The synagogue of Congregation Beth Israel, the only synagogue in this capital city, was bombed at 10:30 P.M. last night and its administrative offices were virtually destroyed.
Rabbi Perry E. Nussbaum told the Jewish Telegraphic Agency today that the bombing had been the work of “bigots” who may have been inspired to action by the flood of anti-Semitic campaign materials used extensively here in the recent Democratic gubernatorial primary election. He said there had been a “flare-up” of anti-Semitism among the white residents of Jackson.
The Federal Bureau of Investigation entered into the case immediately and today its agents were making an “inch-by-inch” investigation of the damaged premises. They had not been able to determine by late today whether the bomb had been planted in a lavatory or thrown into the offices from the synagogue corridors.
Three men were arrested later following the bombing. The FBI said that two of them, Joe Hawkins, 49; a painting contractor, and his 23-year-old son, were “active Ku Klux Klan members for a number of years.” The third man arrested was identified as J.L. Harper, 23, a painter.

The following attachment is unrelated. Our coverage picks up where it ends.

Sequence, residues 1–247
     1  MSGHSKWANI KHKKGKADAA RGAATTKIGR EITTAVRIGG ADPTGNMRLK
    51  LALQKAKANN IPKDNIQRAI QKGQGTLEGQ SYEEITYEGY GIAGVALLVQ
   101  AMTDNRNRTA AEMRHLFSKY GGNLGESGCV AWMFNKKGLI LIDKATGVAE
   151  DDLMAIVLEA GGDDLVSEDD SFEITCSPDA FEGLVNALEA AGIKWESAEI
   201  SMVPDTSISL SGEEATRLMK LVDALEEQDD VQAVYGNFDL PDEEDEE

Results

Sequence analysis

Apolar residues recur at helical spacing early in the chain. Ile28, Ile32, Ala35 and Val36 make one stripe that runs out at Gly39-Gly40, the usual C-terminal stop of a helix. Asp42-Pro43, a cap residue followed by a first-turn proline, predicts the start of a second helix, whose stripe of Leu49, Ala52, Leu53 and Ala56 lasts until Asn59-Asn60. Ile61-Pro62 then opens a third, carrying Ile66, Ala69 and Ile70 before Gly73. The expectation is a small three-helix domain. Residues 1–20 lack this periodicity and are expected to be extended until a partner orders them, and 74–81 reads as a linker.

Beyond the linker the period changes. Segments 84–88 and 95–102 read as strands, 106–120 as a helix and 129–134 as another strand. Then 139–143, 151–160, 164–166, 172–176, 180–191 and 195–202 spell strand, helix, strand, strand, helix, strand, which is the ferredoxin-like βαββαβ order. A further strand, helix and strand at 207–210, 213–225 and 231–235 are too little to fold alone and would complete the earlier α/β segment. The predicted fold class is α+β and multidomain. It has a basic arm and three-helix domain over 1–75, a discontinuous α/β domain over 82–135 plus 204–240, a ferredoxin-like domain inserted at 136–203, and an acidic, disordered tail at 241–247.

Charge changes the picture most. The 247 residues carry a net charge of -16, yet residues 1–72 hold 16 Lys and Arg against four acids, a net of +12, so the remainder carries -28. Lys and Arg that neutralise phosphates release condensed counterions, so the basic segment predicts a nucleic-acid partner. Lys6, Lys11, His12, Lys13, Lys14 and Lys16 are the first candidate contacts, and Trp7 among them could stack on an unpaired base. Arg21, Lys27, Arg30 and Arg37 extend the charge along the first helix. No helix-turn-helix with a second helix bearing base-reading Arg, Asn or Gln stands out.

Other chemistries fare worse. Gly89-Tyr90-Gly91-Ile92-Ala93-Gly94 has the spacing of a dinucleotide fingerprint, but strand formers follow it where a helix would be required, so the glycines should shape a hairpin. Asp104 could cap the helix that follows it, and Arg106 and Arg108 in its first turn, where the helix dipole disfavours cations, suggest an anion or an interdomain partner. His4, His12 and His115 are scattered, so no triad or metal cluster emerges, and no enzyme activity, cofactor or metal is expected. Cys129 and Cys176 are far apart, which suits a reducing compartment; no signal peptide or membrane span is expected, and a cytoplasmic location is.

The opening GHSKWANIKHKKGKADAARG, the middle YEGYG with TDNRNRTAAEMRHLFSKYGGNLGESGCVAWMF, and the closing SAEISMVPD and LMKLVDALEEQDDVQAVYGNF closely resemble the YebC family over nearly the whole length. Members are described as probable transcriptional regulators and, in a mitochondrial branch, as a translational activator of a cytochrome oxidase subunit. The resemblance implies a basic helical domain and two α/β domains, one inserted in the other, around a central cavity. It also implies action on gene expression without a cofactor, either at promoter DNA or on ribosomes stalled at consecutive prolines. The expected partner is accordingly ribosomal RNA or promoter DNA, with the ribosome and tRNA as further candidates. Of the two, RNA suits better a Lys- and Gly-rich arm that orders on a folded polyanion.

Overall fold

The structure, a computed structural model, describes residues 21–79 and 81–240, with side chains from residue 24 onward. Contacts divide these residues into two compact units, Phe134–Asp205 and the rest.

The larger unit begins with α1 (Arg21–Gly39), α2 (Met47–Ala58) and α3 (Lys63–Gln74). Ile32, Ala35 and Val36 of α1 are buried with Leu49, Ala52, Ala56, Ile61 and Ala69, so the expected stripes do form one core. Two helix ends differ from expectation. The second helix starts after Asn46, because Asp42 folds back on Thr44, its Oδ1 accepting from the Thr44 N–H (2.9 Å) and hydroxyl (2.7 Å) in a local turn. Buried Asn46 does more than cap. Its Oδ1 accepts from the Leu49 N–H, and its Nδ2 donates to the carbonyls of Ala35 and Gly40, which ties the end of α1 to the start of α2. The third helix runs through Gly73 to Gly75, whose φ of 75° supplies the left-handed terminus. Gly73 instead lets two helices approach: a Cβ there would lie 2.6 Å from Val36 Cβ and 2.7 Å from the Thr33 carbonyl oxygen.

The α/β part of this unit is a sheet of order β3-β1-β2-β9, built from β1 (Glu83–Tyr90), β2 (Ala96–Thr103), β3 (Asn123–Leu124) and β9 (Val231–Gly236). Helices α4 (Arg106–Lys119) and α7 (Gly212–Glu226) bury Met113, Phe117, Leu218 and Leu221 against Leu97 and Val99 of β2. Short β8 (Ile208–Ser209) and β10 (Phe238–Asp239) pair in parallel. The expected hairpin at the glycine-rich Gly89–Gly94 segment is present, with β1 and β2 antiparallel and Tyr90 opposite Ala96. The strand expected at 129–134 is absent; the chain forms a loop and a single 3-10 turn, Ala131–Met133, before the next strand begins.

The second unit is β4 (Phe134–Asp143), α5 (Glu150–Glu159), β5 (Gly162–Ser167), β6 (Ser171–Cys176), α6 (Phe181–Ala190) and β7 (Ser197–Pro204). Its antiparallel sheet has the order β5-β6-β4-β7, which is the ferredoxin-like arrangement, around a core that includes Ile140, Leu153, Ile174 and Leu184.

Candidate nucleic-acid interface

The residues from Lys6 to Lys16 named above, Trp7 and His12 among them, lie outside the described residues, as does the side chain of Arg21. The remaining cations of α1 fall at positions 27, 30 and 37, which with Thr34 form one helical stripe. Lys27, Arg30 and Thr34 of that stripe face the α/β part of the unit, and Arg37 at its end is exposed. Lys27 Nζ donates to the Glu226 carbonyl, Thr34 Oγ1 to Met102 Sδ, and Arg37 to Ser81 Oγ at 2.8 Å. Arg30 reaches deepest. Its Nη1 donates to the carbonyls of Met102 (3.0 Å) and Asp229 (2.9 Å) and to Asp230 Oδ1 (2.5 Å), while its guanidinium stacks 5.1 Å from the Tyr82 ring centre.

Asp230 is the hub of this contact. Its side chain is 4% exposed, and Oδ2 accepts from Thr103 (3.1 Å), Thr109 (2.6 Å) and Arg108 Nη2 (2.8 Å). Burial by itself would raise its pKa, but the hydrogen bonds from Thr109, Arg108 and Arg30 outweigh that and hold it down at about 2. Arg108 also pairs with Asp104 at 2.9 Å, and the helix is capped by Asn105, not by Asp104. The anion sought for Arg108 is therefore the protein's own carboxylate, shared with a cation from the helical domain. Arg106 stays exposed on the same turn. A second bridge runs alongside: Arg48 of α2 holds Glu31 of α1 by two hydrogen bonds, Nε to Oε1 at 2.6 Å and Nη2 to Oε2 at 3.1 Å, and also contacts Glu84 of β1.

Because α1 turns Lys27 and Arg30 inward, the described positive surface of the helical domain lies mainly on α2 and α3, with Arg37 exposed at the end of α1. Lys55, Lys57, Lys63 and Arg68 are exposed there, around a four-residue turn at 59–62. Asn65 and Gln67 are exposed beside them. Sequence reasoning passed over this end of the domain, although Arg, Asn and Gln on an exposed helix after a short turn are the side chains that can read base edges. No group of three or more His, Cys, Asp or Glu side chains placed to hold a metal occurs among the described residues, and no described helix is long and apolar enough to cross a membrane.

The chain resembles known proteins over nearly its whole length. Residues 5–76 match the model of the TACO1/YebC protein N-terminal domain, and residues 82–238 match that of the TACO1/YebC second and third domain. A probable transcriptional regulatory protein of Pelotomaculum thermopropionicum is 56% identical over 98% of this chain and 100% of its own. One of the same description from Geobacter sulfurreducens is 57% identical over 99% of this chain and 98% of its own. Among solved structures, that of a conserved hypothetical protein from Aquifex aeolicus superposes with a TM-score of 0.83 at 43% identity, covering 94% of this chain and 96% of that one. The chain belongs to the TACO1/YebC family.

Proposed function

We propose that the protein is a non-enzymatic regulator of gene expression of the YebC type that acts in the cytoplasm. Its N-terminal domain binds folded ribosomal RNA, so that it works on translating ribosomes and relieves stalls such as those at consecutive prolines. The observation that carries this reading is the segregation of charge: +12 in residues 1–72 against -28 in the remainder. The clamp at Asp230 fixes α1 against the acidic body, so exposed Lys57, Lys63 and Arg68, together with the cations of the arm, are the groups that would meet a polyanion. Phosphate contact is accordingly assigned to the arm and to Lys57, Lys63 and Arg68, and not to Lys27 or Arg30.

The congregation, 108 years old, moved into its present $500,000 home last Spring. Rabbi Nussbaum said that despite the bomb damage, congregation activities would continue as scheduled and he would preach this Friday evening, basing his text on Deuteronomy. The congregation numbers about 150 families.
A native of Toronto, Ont., Rabbi Nussbaum has been spiritual leader of the Jackson congregation for 13 years. He has been an active civil rights worker and was prominent in efforts to raise funds to rebuild Negro churches destroyed by arson or bombs.
“I have always been subjected to harassment in Mississippi,” Rabbi Nussbaum told the JTA, “but I have always preached prophetic Judaism and social justice during my 13 years here and I hope there will be no curtailment of my activity now.”
The Archive of the Jewish Telegraphic Agency includes articles published from 1923 to 2008. Archive stories reflect the journalistic standards and practices of the time they were published.